On persistence, perseverance and endurance: "Guys, listen. It's the middle of spring training. The novelty has worn off, and you can't see the finish line. I've been doing this for 20, 30 years. It happens every spring to everybody at some point, but you have to push through it. It's mental and emotional discipline."

Buck understands "mood management." He's in touch with team and individual emotions and their ebb and flow. He shows up every day the same way. He sets an example. He's not afraid to discuss tough issues with his guys in a measured way. He doesn't avoid discussing "the elephant in the room." He NEVER discusses "locker room issues" in public, and he never criticizes a player in the media.

Implications for you: I define discipline as having two dimensions: Discipline is "doing what needs to be done, WHEN it needs to be done, THE WAY it needs to be done … EVERY TIME!" Discipline also requires delaying gratification; in other words, doing the tough work first.

When doing your job, do you tackle tough issues as your first order of business and do it in a measured way? In doing so, do you demonstrate responsible comportment and a control of your impulses? Are you a positive and productive example for your team members along those dimensions?

On attention to detail: "That's six to ten outs a year we save if we do it (his point #5) right. That's 2/10th of a percent of our total outs during a baseball season." Buck believes that the little things mean a lot in three ways. First, there is an absolute benefit to a baseball team in having six to ten fewer outs. Some of those might translate into runs. One run in one game can make the difference between earning a playoff spot or not. Second, when players see the example that he sets, they develop the inclination to attend to the fundamental and foundational aspects of their business to a greater degree. Third, players begin to hold each other accountable for discipline. Buck believes that he's been successful when his players start to manage themselves.

Implications for you: People do not follow orders; they follow examples. Whether it's your children or your team at work, "do as I say, not as I do" is not effective. Your actions will create examples; those examples will establish expectations; those expectations will inspire actions; those actions will morph into behavioral routines; those behavioral routines will become disciplines.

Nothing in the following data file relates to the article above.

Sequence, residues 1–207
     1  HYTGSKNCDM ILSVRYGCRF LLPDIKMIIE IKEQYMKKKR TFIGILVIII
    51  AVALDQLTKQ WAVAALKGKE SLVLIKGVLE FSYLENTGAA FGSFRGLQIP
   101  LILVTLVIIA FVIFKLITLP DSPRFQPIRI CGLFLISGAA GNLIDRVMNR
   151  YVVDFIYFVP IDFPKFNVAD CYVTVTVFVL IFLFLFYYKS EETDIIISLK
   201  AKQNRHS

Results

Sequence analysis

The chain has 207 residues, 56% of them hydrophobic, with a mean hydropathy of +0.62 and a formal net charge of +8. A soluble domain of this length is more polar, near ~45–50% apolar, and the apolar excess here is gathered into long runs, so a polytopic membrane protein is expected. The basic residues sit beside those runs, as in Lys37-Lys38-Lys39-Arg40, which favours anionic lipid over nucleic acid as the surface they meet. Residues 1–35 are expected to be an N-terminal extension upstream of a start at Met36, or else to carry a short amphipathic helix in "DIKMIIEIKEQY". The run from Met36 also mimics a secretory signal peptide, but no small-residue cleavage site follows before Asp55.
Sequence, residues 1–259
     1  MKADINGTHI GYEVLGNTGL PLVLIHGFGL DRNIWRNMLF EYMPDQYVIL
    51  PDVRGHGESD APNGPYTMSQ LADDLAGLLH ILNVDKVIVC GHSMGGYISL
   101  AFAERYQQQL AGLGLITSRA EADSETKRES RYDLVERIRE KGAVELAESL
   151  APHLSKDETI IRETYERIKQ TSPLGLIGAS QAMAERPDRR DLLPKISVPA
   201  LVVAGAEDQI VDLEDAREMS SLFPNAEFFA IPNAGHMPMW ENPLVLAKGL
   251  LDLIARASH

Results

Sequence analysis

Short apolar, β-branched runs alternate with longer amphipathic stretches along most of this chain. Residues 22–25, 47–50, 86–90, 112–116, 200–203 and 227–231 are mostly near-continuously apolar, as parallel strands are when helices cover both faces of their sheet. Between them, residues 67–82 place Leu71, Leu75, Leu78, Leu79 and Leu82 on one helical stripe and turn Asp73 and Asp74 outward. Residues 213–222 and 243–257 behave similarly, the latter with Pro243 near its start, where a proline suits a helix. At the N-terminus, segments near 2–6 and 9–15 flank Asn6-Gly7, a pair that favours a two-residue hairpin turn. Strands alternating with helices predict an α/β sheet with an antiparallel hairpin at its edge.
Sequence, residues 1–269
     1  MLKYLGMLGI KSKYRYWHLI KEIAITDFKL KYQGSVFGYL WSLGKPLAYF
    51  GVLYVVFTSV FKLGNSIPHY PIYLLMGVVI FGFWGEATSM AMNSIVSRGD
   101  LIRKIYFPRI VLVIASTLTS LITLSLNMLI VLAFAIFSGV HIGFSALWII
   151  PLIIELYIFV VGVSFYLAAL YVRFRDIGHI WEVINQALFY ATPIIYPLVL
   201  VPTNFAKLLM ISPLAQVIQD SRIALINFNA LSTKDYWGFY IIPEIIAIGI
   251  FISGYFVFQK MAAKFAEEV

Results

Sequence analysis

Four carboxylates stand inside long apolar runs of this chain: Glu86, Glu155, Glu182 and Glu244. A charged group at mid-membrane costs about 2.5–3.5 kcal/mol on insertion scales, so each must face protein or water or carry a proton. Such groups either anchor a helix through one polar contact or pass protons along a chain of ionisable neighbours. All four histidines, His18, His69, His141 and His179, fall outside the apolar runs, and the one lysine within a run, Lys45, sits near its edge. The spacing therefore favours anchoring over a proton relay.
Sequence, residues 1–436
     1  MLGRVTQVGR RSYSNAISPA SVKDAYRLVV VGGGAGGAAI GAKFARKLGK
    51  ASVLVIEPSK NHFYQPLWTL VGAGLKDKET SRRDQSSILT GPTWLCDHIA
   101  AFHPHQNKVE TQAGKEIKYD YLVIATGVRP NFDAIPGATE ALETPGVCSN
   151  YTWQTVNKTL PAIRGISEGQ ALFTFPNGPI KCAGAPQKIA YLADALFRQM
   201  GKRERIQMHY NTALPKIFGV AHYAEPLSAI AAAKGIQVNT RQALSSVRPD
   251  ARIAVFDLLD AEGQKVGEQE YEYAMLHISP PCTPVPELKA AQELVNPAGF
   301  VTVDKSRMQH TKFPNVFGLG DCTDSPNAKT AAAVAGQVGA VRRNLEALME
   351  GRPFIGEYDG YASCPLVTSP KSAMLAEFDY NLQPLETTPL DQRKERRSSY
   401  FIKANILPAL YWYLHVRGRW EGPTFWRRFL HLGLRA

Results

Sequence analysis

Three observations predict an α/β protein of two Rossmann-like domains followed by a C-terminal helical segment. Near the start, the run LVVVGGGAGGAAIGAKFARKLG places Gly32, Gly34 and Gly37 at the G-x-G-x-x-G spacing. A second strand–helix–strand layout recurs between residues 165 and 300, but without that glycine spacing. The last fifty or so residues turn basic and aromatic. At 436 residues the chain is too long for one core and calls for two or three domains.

On activity vs. accomplishment: From Orioles all-star center fielder Adam Jones: "He (Buck) likes to win. Too many people around here got used to, and accepted, losing. At the end of the game, if we lost but played good, they were OK with that. He isn't."

Buck understands that you play to win the game. The rewards are tied to whether you win. Legendary football coach Bill Parcells once said, "You are your record." In sports and business, that is absolutely true.

Implications for you: As I said earlier, for many people and companies, the following equation holds true: Not achieving planned results x a good excuse = achieving planned results. Many leaders reward people for "effort."

We are all responsible for our effort, but we should be accountable for achieving planned results. Whether our individual results involve achieving a sales plan, completing projects on time, within budget and at a specified level of quality and performance, rewards should be tied to our accountabilities rather than our responsibilities. Understanding and implementing that concept will be a major determinant of your leadership success.

Copyright 2012 Rand Golletz. All rights reserved.

Author's Bio: 

Rand Golletz is the managing partner of Rand Golletz Performance Systems, a leadership development, executive coaching and consulting firm that works with senior corporate leaders and business owners on a wide range of issues, including interpersonal effectiveness, brand-building, sales management, strategy creation and implementation. For more information and to sign up for Rand's free newsletter, The Real Deal, visit www.randgolletz.com